I recently finished up a year of studying Spanish, with good results–even if I didn’t quite meet my goal of conversational fluency.
But I’m not finished. I’ve come so far with Spanish, and I want to get to the point where I’m comfortable with my new language.
I have some specific goals I’ll discuss in future posts, but right now they can be summed up as: “Speak Spanish better.”
So I’ve come up with a challenge to help me get there.
Here’s the problem. Recently, I’ve had my nose buried in novels, textbooks, magazines, and flash cards. That’s been really effective, but I’m starting to see diminishing returns.
Also, I’m able to understand written texts much, much better than I’m able to understand spoken texts. This gap between my reading and listening concerns me.
Why do I care?
Because I know that true understanding of a language comes when you are able to hear it. I wrote a whole book about this phenomenon, in fact.
So my challenge is:
Improve my skills in the next eight weeks by only listening to and speaking Spanish.
This means no reading, no flash cards, no courses, no text books, and definitely no grammar drills. In the next eight weeks, it’s only going to be spoken language for me.
“Improve” is a vague goal, so here’s something a little more specific. Right now I’m a solid B2 in listening and a B1 in speaking. By the end of eight weeks, I’d like to get to a C1 level in listening and a B2 level in speaking.
What I’m going to do
I’m basically going to drown myself in:
- TV shows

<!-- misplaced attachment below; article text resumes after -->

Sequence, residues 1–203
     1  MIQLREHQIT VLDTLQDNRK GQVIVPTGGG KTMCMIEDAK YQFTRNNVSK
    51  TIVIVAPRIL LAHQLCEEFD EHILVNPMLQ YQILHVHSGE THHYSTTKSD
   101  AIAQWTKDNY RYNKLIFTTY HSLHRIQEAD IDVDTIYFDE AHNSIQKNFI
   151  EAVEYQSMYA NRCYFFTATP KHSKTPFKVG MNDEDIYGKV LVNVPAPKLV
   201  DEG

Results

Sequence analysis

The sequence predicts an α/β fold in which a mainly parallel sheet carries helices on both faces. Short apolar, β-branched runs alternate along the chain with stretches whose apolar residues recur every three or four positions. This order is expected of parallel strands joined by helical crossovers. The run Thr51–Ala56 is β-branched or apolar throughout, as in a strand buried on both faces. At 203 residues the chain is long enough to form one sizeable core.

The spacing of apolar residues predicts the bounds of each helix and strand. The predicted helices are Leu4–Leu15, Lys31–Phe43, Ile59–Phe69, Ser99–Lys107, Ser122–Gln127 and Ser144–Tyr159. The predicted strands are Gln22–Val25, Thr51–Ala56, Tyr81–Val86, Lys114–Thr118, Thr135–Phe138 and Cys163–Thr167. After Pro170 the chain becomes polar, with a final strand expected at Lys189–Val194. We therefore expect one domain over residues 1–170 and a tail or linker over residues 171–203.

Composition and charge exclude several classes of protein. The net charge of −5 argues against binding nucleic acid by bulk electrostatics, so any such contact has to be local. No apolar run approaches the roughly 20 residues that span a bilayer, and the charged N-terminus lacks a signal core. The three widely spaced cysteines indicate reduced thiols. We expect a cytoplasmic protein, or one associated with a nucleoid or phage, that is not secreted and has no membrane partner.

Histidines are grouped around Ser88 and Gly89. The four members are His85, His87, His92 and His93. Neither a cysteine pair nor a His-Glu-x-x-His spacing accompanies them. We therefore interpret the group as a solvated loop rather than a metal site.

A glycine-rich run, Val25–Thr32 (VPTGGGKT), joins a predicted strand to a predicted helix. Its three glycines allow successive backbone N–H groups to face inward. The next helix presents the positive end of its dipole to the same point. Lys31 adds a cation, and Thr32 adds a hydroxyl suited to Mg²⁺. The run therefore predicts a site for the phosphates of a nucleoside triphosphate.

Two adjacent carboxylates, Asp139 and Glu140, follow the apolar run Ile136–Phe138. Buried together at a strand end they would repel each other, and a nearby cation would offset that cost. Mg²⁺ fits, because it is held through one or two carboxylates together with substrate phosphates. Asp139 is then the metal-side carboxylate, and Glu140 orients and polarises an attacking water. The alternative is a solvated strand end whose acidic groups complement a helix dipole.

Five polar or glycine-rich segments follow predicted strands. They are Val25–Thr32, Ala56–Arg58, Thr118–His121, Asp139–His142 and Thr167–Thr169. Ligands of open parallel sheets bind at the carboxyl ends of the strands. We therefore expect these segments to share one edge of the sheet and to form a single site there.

- Radio programs
I’ve also started doing regular language exchanges with a really cool guy from Colombia, which I hope to continue. If you’re not familiar with language exchanges, look for the details in a future post.
I’ll do some other things here and there, like language shadowing or talking to myself, but I won’t do any translation or transcription–basically, anything requiring a pen.
I’ll still be exposed to a little written language in my Twitter feed and in TV captions. Also, every once in a while I might look up a word in the dictionary. But overall there’s going to be a huge reduction in my intake in visual language.
Why not do it all?
Reading and writing are great. Listening and speaking are great. Why am I excluding half of the equation here?
A few reasons.
First, I want to mix things up. If I sense that I need to shake things up, why would I go on doing the same thing? I hypothesize that I’ve gained a very logical understanding of Spanish from the studying and reading, when what I really need is a more visceral feel.
Second, this is an experiment. In my book, I made some pretty strong claims about the role of verbal language in language learning. Yet I never tell you to exclude written language or studying altogether. But what would happen if you did? Could you improve just by listening and speaking? Children show us that it’s possible, but is it possible for an adult language learner?
Third, I’m trying to optimize my limited time. I go to work and also have a family to take care of. If I want to really focus on verbal language, I may have to take out other activities to make room for it.
With this challenge, I expect to see a huge jump in my acquired language, and I’m hoping to gain a truly visceral feel for the language. Also, I predict that when I do return to reading and studying, my mind will be a sponge.
So check back in periodically and see my progress. Think I’ll make any improvements? Or will I backtrack? Let me know in in the comments.